Advertisement

Cognitive Incoherence of Students Regarding the Establishment of Universality of Propositions through Experimentation/Measurement

  • Mikio MiyazakiEmail author
Article

Abstract

The purpose of this research is to construct a conceptual framework for use in capturing students’ unstable perception regarding the establishment of the universality of propositions through experimentation/measurement in school geometry. As a conceptual framework, this research uses a quadrangular–pyramid model comprised of five representative aspects: idealism/teleology, pessimism, optimism, actualism, and naïve pre-established harmony. In constructing the framework, I decided on the following viewpoints: (1) the students take as a criterion of the universality of propositions whether the proposition and the result of experimentation/measurement match or not; (2) the students assume that the result will always match the proposition; and (3) the students consider improving the method of experimentation/measurement based on whether the result matches or not. To illustrate the phenomenon of students’ unstable perception, I focus on the intermediate aspects between actualism and naïve pre-established harmony, in which the cognitive incoherence of students is conspicuous in that it is easy-to-manifest. I discovered two types of unstable perception through analyzing two 8th graders’ responses to questionnaires: (1) one student understood asymptotic accessibility to the match by improving the measurement, although the student was skeptical about reaching the final stage; and (2) another student understood the necessity of the match in order to guarantee her geometrical activity, although she was confused when confronted with the result in that it did not match, even when measured with high-precision equipment.

Key words

cognitive incoherence experimentation/measurement naïve pre-established harmony universality of a proposition 

Preview

Unable to display preview. Download preview PDF.

Unable to display preview. Download preview PDF.

References

  1. Balacheff, N. (1988). Aspect of proof in pupil’ practice of school mathematics. In D. Pimm (Ed.), Mathematics, Teachers, and Children (pp. 216–238). Hodder and Stoughton, London.Google Scholar
  2. Chazan, D. (1993). High School geometry student’s justification for their views of empirical evidence and mathematical proof. Educational Studies in Mathematics, 24(4), 359–387.CrossRefGoogle Scholar
  3. Fischbein, E. (1982). Intuition and proof. For the Learning of Mathematics, 3, 9–24.Google Scholar
  4. Hadas, N., Hershkowitz & Schwarz, B.B. (2000). The role of contradiction and uncertainty in promoting the need to prove in dynamic geometry environments. Educational Studies in Mathematics, 44, 127–150.CrossRefGoogle Scholar
  5. Hanna, G. (2000). Proof, explanation and exploration: An Overview. Educational Studies in Mathematics, 44(1–2), 5–23.CrossRefGoogle Scholar
  6. Hanna, G. & Jahnke, H.N. (1996). Proof and proving. In A. J. Bishop (Eds.), International Handbook of Mathematics Education (pp. 877–908). Utrecht, Netherland: Kluwer Academic Publishers.Google Scholar
  7. Hanna, G. & Jahnke, H.N. (1993). Proof and application. Educational Studies in Mathematics, 24(4), 421 – 438.CrossRefGoogle Scholar
  8. Harel, G. & Sowder, L. (1998). Students’ proof schemes: Results from exploratory studies. In A. Schoenfeld, J. Kaput, & E. Dubinsky (Eds.), Research in collegiate mathematics education III: Issues in Mathematics Education, Volume 7 (pp. 234–282). American Mathematical Society.Google Scholar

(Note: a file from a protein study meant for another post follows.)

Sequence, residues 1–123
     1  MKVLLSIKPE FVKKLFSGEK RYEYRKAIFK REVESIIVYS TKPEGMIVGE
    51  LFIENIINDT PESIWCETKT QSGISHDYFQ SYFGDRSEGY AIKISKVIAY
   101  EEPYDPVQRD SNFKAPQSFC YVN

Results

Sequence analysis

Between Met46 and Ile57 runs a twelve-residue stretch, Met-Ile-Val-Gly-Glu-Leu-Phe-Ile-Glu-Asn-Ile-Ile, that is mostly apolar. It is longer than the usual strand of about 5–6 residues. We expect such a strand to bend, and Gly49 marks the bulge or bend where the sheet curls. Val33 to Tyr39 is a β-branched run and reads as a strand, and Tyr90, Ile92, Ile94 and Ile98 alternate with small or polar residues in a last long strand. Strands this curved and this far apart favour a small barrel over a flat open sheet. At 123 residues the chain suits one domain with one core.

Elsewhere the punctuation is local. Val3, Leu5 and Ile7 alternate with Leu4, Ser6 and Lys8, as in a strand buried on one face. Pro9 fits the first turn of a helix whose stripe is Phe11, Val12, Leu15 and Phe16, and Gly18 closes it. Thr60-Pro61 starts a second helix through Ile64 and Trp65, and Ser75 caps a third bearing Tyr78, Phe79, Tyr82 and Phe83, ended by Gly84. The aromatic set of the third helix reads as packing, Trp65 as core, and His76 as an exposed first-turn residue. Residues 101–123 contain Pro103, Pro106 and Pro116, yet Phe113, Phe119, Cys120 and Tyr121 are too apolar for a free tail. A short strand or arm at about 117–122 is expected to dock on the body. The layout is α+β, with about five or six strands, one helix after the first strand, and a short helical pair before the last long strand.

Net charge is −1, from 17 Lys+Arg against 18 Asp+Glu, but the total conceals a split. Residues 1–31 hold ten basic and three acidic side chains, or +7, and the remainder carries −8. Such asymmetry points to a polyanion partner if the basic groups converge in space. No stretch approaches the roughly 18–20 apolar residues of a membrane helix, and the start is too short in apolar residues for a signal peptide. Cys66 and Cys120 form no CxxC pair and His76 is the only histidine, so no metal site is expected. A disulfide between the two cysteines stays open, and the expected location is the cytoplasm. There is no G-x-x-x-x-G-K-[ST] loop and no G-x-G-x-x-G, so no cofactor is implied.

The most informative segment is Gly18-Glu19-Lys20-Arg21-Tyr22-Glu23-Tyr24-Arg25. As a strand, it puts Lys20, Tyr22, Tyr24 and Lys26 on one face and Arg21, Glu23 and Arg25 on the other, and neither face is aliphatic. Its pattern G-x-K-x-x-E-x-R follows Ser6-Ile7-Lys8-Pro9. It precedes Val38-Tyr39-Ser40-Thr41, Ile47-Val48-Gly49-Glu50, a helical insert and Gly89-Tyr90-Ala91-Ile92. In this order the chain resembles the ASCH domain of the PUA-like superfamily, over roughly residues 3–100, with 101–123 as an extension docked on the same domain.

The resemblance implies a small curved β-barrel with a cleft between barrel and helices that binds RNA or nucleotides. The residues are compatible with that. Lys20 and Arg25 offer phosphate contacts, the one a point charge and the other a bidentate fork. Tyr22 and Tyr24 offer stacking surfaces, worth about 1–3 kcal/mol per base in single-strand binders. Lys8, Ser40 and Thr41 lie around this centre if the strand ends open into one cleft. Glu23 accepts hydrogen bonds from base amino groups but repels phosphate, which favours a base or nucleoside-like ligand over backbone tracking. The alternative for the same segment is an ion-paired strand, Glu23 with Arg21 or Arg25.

9. Hershkowitz, R., Dreyfus, T., Ben-Zvi, D., Friedlander, A., Hadas, N., Resnick, T., Tabach, M., & Schwarz, B. (2002). Mathematics curriculum development for computerized environments: a designer-researcher-teacher-learner activity. In L. English (Ed.), Handbook of International Research Mathematics Education (pp. 657–694). Mahwah, NJ: Lawrence Erlbaum Associates.Google Scholar
  10. Koseki, K., Ieda, H., Kasuga, T., Kunimune, S., Kodera, T., Nakanishi, C., Yamashita, K. (1978). Teaching a demonstration in geometry: The first part. Journal of Japan Society of Mathematical Education (Mathematics Education), 60, 12–19. (in Japanese)Google Scholar
  11. Koseki, K., Ieda, H., Kasuga, T., Kunimune, S., Enokido, A., Nakanishi, C., Yamashita, K. (1980). Teaching a demonstration in geometry: the third part. Journal of Japan Society of Mathematical Education (Mathematics Education), 62, 59–65. (in Japanese)Google Scholar
  12. Kunimune, S. (1987). A developmental study on the understanding of significance of demonstration. In K. Koseki (Ed.), Teaching a demonstration in geometry (pp. 129–158). Tokyo: Meijitosho. (in Japanese)Google Scholar
  13. Martin, W.G. & Harel, G. (1989). Proof frames of pre-service elementary teachers. Journal for Research in Mathematics Education, 20(1), 41–51.CrossRefGoogle Scholar
  14. Miyazaki, M. (2002). Investigative activity of truth of basic propositions for deduction in a local quasi-system: Its aspects in geometry of junior high school mathematic. Tsukuba Journal of Educational Study in Mathematics, 21, 21–30. (in Japanese)Google Scholar
  15. Polya, G. (1954). Mathematics and plausible reasoning; vol.1, Princeton, NJ: Princeton University Press.Google Scholar
  16. Porteous, K. (1991). What do children really believe?, Educational Studies in Mathematics, 21(2), 589–598.Google Scholar
  17. Williams, E. (1979). An investigation of senior high school students’ understanding of the nature of mathematical proof’, Unpublished doctoral dissertation. University of Alberta, Edmonton. Canada.Google Scholar

Copyright information

© National Science Council, Taiwan 2007

Authors and Affiliations

  1. 1.Faculty of Education, Department of Science & Mathematics EducationShinshu UniversityNaganoJapan

Personalised recommendations